Column: The atrophy of age
There is no trophy in atrophy and it was proven on the tennis courts of New York Mills last Saturday.
Kudos to Head Coach Gary Bach, his tennis team and the volunteers and fans, who came out to watch the second annual Mills Open "Celebrity" Tennis Classic.
The NY Mills Lady Eagles Tennis team is donating $100 to Wadena-Deer Creek Athletics from fund raising at the tournament.
A portion of those funds came directly out of my pocket, as I stuffed rice krispie bars, hot dogs, waters and pops down my cakehole in an effort to force my body to keep moving after the first match.
It had been three years since my racquets had come out of the closet. I, literally, had to wipe the dust off of them, which was more than I could say for the dust on my knees, ankles and legs.
For a portion of the time, it almost appeared that I could still play. Then the pain of age and a life of lethargy struck.
Coach Bach paced between matches outside the fence doing peanut gallery play-by-play at the tournament.
"What college did you play tennis at, Bob?" he bellowed.
"The St. Cloud State Intramural chain smokers league," I was forced to answer. It was either that or California Penal, but the "Major League" movie quote may have been lost on tennis fans.
So, short on breath and fighting the body's need to nap, my partner Nikki and I cruised through the competition until the lengthy wait of the consolation matches.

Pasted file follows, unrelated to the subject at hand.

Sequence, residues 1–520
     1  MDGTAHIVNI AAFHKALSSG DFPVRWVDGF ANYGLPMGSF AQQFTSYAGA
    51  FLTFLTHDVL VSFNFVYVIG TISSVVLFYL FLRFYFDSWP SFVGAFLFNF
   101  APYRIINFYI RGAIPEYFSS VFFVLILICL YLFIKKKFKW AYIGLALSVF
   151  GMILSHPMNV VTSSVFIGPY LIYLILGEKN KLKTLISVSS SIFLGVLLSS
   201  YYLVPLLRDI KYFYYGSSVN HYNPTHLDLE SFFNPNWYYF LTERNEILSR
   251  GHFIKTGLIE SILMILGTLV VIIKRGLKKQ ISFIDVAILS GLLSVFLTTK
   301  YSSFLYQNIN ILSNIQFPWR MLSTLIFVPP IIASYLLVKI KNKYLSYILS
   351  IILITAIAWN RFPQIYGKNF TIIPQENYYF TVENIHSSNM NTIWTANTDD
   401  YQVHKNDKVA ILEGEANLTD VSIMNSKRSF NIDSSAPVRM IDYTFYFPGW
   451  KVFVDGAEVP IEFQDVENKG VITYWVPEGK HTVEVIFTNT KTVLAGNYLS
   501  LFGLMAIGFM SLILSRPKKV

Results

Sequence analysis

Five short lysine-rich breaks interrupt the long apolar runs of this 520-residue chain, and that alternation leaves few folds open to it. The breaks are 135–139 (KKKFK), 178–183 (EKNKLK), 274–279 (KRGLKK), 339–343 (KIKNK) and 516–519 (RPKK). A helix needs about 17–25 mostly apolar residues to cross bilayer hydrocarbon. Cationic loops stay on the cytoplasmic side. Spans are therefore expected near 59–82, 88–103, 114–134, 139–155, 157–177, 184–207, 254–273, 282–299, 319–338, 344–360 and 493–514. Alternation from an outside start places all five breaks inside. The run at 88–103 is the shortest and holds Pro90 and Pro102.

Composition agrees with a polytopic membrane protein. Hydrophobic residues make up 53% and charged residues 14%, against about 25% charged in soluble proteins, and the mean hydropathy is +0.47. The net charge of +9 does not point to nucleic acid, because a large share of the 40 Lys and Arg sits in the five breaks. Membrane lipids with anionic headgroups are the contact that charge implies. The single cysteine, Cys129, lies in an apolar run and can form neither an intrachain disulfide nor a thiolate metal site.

It was 40-some degrees out. You know what happens to strained middle-aged muscles in that kind of weather.
After 45 minutes on the bench, I could barely traverse four rows of bleachers, let alone trot around on the court.
Youth flashes before your eyes in these situations. I could feel the younger me inside who could leap at service tosses and run down drop shots and defensive lobs.
But it was middle-aged me on the court.
I could not even get my carcass off the ground. My body refused to leap. It was all I could do to end points as quickly as possible, whether hitting winning volleys or just chunking one in the net just to end the point.
There was no sadness as partner Nikki and I saw the last forehand go into the net for our second place finish. It wasn't about the place. It was about being finished.